• #30
  • Comment by cher.128
Bravo and many thank you's for this wonderful pastry excursion. You have gifted us!
Bravo to the many people working in the facility as well!
I live in New Jersey (United States) and if it weren't for my skill in pastry making, I would "never" have wonderful pastry to eat and enjoy.
A blessing indeed to live where there is such pastry bounty!!!
Thank You so much again.
Lovely post. I have never been in a cake factory and now got to peek. Love it. Educational and tasty :)
  • #32
  • Answered by fx
Martin, thanks for visiting and I'll try to get you the Kirsch Gun Lady's phone number!
  • #33
  • Answered by fx
Don, you can see how puff pastry is made in my Kouign Aman article, it takes many hours but not as much work as people usually think. Much better than savory short dough!
  • #34
  • Answered by fx
Gizmar, this was indeed a memorable visit and the people who run and work in this factory can definitely be proud of their job. I'll try to post another article about the baking plant (bread only) - even more impressive I'm told!
  • #35
  • Answered by fx
Cher, do not yearn too much for industrial pastry, it is never as good as you can bake in your oven at home. Even the most humble home-baked cookies will always beat industrial products. But if you don't bake, then of course it's nice to have a substitute!
  • #36
  • Answered by fx
Andreea, thanks for visiting! just love to visit industries and have many plans to make more food industry articles in the future.
  • #37
  • Comment by Malika
Thank you so much for showing us your visit to this amazing factory! Amazing! If I was there myself, I think I would taste everything! Did you try any of the cakes?
  • #38
  • Answered by fx
Malika, thanks for visiting! It is totally forbidden to eat anything in the factory, not even lick your fingers, and I had to buy some of the pastry the next day at the supermarket. They taste just as they look I guess.
  • #39
  • Comment by Gemma
Wow, yummy... those napoleons... I would've take some home at the end of the day myself (are they allowed to do that?) Just wanted to say, I love your blog so much, it enables me to explore the culinary world without spending any money - I really appreciate everything that you've done ... hrmmm.... Maybe you could go into a CHOCOLATE factory next time to see how they are made....awwwhhhh chocolatesss....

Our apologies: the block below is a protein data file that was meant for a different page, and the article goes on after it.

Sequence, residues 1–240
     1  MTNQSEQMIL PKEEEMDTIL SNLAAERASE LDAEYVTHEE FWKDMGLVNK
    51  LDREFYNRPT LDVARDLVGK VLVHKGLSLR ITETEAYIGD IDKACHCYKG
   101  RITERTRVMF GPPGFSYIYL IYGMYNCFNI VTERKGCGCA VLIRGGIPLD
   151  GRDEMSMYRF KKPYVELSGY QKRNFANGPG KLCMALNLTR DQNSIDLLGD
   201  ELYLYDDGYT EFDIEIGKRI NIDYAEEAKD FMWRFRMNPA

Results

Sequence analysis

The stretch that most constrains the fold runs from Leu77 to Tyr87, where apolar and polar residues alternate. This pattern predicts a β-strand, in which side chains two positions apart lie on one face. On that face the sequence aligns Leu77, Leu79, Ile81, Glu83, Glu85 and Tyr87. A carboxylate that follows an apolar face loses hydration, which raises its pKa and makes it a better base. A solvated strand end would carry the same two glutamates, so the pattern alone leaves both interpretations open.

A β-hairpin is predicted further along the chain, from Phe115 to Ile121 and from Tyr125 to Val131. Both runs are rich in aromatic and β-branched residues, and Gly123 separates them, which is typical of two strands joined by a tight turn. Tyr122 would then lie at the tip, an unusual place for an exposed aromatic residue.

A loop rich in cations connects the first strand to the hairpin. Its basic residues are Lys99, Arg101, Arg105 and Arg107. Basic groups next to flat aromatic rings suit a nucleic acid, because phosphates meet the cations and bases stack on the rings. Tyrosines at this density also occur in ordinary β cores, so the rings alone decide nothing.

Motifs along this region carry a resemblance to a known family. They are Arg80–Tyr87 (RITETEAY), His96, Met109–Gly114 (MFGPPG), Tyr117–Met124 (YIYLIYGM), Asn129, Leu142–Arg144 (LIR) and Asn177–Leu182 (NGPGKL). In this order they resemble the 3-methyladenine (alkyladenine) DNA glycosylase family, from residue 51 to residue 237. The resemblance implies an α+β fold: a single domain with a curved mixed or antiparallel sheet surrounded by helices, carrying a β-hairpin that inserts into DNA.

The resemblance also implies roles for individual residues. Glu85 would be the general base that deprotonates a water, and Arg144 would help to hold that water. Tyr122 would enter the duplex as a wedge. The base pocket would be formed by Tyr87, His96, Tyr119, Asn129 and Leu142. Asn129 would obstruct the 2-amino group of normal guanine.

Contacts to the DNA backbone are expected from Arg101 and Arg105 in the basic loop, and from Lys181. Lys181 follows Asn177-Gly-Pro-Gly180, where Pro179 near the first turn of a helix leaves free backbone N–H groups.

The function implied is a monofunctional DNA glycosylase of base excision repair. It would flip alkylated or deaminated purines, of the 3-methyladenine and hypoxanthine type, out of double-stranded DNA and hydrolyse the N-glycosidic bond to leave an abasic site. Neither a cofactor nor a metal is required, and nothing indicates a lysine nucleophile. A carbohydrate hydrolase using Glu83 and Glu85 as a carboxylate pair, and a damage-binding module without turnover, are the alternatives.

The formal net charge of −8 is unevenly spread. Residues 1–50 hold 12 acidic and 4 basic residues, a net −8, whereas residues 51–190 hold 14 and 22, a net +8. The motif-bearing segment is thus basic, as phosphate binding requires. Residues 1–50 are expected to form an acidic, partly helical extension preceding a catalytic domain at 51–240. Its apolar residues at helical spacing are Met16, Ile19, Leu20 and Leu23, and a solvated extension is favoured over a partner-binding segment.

OMGoshhhhhh, this is the most technical cooking I ever seen! Hmmm... as precise as the Swiss horology.. :-D Thank you for sharing your adventure with us.

  • #41
  • Answered by fx
Gemma, thanks and I'll try and get a private tour of a Swiss industrial chocolate factory soon!
  • #42
  • Answered by fx
Pixen, you just can't make 7200 Napoleons without a little organization and at least one large machine!
This is amazing! Now I can cut my Napoleons and they do not shatter-I just sneak them over to the laser guided ultrasonic knife after dark, when no one is looking!

I like that each worker has a variety in a day, and none look stressed. Thank you for such an educational and well photographed story.
  • #44
  • Answered by fx
Ivan, thanks for visiting! I am told the Napoleon is a deformation of 'Neapolitan', its true origin.
  • #45
  • Comment by D Walters
Brilliant display of how things are made in an industrial setting.
Absolutely fascinating!! I worked in the pastry kitchen of a restaurant where everything was made from scratch. Never in these quantities though. Just love your site!!!!
Fantastic! I love COOP and this is so interesting to see. So super clean looking and looks very hands-on!
  • #48
  • Answered by fx
Thanks Brains, I have to go back to shoot their pastry operations, but it starts at 10 at night!
  • #49
  • Comment by Ariadna
Hi there, I don't have anything very insightful to say but I do love very much your website. Buen provecho!
  • FX's answer→ Thanks Ariadna, glad you like my website!